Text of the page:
Success and Impact

NCYL Helps Pass The Unaccompanied Immigrant Children Protections Act

Painting of young person from behind flexing her arms

The California State Legislature helped protect the rights of unaccompanied immigrant children with its passage of Assembly Bill 1140, the Unaccompanied Immigrant Children Protections Act, during the 2021 legislative session.

The bill, which was signed into law by Governor Gavin Newsom in September 2021, guarantees that unaccompanied children who are held in California-licensed residential facilities and homes have the same rights as all other children in these facilities. It is designed to protect the health and safety of unaccompanied immigrant children in the state, andwas co-sponsored by the National Center for Youth Law and several other children’s and immigrant’s rights organizations.

Much-needed reform

Thousands of unaccompanied immigrant children come to the U.S. each year without a parent or guardian, fleeing violence, war, and poverty. These children are temporarily taken into the custody of the Office of Refugee Resettlement (ORR) until an appropriate sponsor is identified or until they can be placed into long-term foster care while they undergo immigration proceedings. 

The federal government is required to provide care for unaccompanied children in state-licensed childcare settings. On average, approximately 2,500 unaccompanied children are held in ORR custody annually in California-licensed facilities. Unaccompanied immigrant children often do not have the ability to exercise their rights and ensure their safety and wellbeing in these facilities in the same way as other Californian children because they lack access to resources and advocates with both the training and authority to assist them.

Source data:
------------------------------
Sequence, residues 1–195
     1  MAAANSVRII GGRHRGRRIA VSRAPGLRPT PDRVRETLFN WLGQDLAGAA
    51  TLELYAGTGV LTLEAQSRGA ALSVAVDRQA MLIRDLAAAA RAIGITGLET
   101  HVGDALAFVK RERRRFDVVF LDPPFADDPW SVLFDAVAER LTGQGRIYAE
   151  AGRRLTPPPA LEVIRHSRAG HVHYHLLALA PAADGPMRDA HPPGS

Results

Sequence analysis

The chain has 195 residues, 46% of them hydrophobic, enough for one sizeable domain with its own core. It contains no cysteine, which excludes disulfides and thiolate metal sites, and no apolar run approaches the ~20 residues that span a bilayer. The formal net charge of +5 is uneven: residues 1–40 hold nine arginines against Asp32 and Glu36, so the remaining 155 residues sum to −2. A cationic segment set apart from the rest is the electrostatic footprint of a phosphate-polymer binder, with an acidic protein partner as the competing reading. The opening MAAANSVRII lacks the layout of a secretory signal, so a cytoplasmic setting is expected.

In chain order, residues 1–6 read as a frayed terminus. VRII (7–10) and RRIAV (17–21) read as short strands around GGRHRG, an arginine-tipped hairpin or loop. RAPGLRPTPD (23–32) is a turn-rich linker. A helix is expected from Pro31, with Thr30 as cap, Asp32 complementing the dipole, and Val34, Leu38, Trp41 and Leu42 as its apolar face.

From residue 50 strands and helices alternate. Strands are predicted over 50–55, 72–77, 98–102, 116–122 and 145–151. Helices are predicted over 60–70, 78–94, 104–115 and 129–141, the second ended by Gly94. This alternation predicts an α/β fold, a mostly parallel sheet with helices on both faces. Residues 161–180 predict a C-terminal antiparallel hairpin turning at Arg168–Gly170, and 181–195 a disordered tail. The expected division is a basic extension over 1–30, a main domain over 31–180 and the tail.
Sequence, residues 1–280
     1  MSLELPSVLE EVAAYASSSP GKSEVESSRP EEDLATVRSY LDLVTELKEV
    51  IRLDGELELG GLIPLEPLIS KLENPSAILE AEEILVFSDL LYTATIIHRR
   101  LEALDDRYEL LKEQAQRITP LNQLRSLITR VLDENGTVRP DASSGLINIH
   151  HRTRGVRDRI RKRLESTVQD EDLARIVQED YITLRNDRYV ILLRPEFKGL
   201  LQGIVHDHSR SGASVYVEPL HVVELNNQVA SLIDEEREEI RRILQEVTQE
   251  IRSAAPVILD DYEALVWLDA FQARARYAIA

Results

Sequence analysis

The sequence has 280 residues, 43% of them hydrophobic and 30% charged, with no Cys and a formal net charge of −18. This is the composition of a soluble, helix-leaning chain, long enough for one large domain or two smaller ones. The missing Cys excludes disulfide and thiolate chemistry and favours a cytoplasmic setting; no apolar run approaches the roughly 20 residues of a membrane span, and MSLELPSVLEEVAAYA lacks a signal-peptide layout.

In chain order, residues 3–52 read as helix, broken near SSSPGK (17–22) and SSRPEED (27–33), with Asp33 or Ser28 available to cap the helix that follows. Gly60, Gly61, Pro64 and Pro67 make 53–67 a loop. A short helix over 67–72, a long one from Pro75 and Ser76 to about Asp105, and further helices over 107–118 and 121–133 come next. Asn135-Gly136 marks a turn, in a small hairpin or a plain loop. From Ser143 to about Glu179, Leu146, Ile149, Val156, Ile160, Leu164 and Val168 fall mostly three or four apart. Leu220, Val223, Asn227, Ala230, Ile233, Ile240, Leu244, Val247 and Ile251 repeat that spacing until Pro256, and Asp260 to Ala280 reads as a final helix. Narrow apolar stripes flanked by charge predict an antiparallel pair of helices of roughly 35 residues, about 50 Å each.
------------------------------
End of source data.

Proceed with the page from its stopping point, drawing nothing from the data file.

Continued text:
AB 1140, which was authored by California Assemblymember Robert Rivas (D-Hollister), addresses this issue by clarifying that unaccompanied immigrant children are under the jurisdiction of the California Office of the Foster Care Ombudsperson. The Ombudsperson is charged with overseeing the rights of children in state-licensed facilities, and is an independent, impartial, and confidential agency trained to investigate concerns about the treatment of youth in state-licensed residential facilities and to educate youth and licensed programs about their rights and responsibilities under California law.

The Ombudsperson could be crucial in safeguarding the rights and best interests of unaccompanied immigrant children in federal custody when state-licensed programs have failed to meet their obligations.

Some key examples of how the Ombudsperson’s Office will be able to assist unaccompanied children through this legislation include:

  • Investigating complaints made by or on behalf of unaccompanied children about treatment in state-licensed childcare settings; 
  • Educating childcare program staff about their state licensing obligations and children’s personal rights under California state law; and
  • Ensuring that children can exercise their right to communicate with family members, including children, co-parents, and their own parents.

California has set a national example by making explicit the state’s role in exercising oversight over the treatment and care of children in state-licensed ORR facilities. 

In addition to the National Center for Youth Law, the bill’s supporters include: Kids in Need of Defense (KIND) (co-sponsor); Youth Law Center (YLC) (co-sponsor); Legal Services for Children (LSC) (co-sponsor); Immigrant Defense Advocates (IDA) (co-sponsor); Vera Institute of Justice (co-sponsor); Immigrant Legal Resource Center (ILRC) (co-sponsor); Immigrant Defenders Law Center; and Public Counsel.